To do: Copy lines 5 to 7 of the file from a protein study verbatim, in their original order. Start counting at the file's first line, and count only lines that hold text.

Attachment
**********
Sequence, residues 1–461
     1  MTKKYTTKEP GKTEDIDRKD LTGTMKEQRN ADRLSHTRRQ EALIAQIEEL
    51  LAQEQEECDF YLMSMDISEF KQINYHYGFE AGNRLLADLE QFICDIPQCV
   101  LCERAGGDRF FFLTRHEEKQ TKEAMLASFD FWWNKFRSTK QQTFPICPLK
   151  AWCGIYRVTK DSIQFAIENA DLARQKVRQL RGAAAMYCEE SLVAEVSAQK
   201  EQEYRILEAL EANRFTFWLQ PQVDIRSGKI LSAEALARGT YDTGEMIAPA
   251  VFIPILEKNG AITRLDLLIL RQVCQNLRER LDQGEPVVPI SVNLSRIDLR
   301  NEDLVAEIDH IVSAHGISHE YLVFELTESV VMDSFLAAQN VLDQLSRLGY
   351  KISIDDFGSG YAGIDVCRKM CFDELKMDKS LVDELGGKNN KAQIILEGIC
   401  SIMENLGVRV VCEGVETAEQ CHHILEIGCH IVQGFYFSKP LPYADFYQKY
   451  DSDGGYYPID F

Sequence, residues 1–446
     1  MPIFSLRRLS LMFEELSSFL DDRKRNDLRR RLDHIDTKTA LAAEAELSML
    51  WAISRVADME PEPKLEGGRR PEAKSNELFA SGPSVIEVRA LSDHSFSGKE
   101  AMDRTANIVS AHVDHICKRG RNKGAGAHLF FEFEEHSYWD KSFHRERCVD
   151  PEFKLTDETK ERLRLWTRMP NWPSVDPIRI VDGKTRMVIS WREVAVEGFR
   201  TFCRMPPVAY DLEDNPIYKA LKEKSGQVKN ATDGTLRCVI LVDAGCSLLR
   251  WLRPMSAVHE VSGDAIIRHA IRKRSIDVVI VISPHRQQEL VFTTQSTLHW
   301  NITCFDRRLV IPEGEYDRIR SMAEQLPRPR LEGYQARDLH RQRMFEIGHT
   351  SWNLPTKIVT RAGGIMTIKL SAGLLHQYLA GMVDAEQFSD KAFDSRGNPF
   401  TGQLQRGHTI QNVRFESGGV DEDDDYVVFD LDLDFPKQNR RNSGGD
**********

   151  AWCGIYRVTK DSIQFAIENA DLARQKVRQL RGAAAMYCEE SLVAEVSAQK
   201  EQEYRILEAL EANRFTFWLQ PQVDIRSGKI LSAEALARGT YDTGEMIAPA
   251  VFIPILEKNG AITRLDLLIL RQVCQNLRER LDQGEPVVPI SVNLSRIDLR